New polling on American adults’ philosophy of life has revealed that millennials are the least likely to believe in Christianity and increasingly unlikely to believe in a deity — or care if one exists at all.
Arizona Christian University’s American Worldview Inventory 2021 found that out of the four generations they polled — millennials, Gen Xers, Baby Boomers, and the Good Generation or “builders,” millennials have moved the furthest from traditional Christian values in their worldviews.
The generations were separated by those born between 1927 and 1945 (“builders”), 1946-1964 (“boomers”), 1965 and 1983 (“Gen X”), and millennials (“1984-2002”).
Gen X and millennials were the least likely to believe they will go to heaven when they die because they’ve accepted Jesus Christ as their Savior and repented of their sins; 26% and just 16% respectively.
Meanwhile, 41% of Baby Boomers believe they will go to heaven because they’ve repented of their sins and accepted Christ, as do 29% of builders.
Meanwhile, a stunning 90% of these builders, who have lived through the bulk of what have arguably been the most transformative period of human history, believe that one ought to treat others as they wish to be treated.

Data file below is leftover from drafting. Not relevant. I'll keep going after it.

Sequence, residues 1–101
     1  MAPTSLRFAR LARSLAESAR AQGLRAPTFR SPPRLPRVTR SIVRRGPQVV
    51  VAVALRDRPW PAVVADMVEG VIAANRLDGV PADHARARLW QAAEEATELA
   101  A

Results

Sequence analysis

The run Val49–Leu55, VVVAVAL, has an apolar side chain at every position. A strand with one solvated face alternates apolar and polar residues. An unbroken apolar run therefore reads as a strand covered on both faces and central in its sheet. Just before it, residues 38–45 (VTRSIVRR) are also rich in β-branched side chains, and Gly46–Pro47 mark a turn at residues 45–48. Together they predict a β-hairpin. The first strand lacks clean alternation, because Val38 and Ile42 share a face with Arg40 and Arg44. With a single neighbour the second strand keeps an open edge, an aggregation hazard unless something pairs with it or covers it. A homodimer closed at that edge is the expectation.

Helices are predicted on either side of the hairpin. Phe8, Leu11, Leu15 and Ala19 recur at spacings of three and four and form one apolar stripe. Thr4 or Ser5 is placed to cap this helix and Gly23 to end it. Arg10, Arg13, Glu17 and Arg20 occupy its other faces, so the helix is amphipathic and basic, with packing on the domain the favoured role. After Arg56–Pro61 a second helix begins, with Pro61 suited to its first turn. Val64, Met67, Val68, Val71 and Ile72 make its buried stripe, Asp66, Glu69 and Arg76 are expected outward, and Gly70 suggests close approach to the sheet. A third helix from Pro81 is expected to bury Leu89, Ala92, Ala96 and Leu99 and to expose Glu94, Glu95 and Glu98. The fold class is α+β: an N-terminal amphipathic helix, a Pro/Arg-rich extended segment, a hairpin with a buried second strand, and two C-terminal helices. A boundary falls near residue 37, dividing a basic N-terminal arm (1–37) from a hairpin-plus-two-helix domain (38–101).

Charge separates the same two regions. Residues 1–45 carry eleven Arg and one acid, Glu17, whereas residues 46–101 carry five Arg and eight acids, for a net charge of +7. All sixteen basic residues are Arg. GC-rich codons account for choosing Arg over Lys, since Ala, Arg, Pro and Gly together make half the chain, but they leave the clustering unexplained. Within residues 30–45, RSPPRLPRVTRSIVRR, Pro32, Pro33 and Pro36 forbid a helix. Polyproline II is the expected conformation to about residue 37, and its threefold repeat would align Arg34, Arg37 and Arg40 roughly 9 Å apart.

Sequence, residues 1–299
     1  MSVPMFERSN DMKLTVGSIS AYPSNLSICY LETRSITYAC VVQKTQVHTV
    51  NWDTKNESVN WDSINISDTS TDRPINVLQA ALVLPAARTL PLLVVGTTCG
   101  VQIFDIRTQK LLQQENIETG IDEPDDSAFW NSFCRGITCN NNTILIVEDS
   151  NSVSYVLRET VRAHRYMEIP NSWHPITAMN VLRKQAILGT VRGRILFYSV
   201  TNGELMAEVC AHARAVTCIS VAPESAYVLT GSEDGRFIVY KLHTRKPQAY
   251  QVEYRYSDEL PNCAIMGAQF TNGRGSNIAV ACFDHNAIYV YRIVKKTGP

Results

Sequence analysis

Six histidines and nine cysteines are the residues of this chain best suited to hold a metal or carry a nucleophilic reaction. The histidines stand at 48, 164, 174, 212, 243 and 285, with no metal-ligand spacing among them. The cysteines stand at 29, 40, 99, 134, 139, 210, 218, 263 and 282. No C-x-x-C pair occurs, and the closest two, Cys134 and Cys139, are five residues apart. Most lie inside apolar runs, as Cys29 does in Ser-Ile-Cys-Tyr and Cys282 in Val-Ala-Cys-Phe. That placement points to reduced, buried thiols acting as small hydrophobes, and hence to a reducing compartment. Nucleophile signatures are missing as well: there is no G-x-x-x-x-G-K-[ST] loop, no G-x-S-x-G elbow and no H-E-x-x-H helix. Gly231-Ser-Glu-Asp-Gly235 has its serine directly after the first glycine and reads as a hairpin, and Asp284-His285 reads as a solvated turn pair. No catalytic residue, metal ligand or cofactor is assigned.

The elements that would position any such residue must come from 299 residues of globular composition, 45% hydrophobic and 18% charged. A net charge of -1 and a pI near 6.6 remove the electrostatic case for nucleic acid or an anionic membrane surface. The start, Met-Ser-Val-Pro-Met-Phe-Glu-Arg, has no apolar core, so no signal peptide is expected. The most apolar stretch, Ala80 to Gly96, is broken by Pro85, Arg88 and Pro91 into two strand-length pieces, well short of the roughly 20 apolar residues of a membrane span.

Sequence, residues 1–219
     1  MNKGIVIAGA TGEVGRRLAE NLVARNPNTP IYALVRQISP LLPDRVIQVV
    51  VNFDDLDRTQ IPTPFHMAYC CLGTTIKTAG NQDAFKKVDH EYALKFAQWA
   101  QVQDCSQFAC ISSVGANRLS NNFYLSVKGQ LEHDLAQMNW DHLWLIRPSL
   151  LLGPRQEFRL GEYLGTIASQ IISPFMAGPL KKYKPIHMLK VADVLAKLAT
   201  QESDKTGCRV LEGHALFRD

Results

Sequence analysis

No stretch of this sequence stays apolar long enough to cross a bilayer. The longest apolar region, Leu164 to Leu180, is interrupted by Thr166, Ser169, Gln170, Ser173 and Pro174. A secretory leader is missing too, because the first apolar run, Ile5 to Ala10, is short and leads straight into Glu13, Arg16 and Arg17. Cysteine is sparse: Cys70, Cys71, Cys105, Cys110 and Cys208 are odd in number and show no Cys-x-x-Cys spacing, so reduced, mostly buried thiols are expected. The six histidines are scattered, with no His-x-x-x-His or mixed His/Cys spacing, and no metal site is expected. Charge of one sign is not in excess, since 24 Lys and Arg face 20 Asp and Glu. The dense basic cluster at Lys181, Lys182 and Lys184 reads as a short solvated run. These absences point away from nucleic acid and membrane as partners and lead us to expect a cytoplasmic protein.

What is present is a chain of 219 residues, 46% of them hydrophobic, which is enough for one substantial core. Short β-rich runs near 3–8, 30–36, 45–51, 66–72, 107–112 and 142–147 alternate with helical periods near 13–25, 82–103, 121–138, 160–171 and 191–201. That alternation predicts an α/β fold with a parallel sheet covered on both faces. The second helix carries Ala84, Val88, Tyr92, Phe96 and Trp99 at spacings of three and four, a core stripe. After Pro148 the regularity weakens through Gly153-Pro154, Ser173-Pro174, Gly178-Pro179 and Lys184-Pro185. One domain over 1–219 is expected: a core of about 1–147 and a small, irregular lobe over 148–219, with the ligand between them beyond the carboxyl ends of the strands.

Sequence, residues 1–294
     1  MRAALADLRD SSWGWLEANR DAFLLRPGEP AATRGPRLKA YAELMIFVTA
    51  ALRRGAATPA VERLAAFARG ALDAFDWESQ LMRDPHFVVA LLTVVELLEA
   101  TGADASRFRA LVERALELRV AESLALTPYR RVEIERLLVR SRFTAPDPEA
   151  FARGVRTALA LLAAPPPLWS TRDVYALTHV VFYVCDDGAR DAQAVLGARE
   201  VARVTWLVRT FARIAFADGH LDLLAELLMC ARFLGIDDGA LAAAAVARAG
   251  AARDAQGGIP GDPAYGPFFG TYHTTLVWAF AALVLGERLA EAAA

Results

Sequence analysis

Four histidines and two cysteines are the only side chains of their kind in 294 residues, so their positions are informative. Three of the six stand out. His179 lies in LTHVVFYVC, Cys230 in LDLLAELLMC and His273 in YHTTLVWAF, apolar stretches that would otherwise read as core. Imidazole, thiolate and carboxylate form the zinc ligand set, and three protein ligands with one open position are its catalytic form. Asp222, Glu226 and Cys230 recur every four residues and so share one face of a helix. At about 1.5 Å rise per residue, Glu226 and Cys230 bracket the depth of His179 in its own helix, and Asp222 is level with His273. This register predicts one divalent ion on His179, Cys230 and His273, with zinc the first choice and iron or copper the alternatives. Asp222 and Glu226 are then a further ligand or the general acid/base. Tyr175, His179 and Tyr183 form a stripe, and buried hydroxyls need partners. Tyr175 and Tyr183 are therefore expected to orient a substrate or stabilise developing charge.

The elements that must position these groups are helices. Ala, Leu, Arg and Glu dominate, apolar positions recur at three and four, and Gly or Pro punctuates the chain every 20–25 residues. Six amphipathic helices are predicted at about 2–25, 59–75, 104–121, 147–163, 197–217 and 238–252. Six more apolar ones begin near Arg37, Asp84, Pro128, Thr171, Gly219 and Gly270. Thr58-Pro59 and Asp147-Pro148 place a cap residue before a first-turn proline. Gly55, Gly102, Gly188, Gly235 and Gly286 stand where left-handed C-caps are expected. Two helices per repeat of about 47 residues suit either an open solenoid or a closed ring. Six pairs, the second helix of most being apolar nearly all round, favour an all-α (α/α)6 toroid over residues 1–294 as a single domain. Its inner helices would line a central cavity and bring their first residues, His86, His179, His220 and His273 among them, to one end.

While millennials are more attracted to horoscopes and the idea of “karma” than any other generation, they are also the least likely to believe in this “golden rule” that is at the core of Christian values at just 48%.
Perhaps most noteworthy is that, while a majority of each generation considers themselves to be Christian, the pollsters concluded that 88% of respondents held a syncretistic view, that is, “the mash-up of various worldviews that provides each individual with a customized understanding of, and response to life” as opposed to “a substantively coherent and recognizable worldview such as postmodernism or secular humanism” as their primary worldview.
While the declining adherence to Christian values is certainly concerning, perhaps the lack of a coherent, well-established worldview among the generations who have preceeded millennials is also insightful in spite of the more dominant influence of Christianity on their respective life philosophies.
“Our nation is undergoing a seismic generational shift in worldview driven by younger Americans—many of whom do not know, believe, or care whether God exists, and who overwhelmingly reject traditional moral values as irrelevant today,” ACU’s Cultural Research Center wrote of their findings.
“The beliefs and behaviors of younger Americans, especially Millennials, threaten to reshape the nation’s religious parameters beyond recognition. In fact, this radical spiritual revolution has created a generation seeking a reimagined world without God, the Bible, or churches.”
“Gen X and the Millennials have solidified dramatic changes in the nation’s central beliefs and lifestyles,” explained CRC’s Director of Research, George Barna.
“The result is a culture in which core institutions, including churches, and basic ways of life are continually being radically redefined,” he added.
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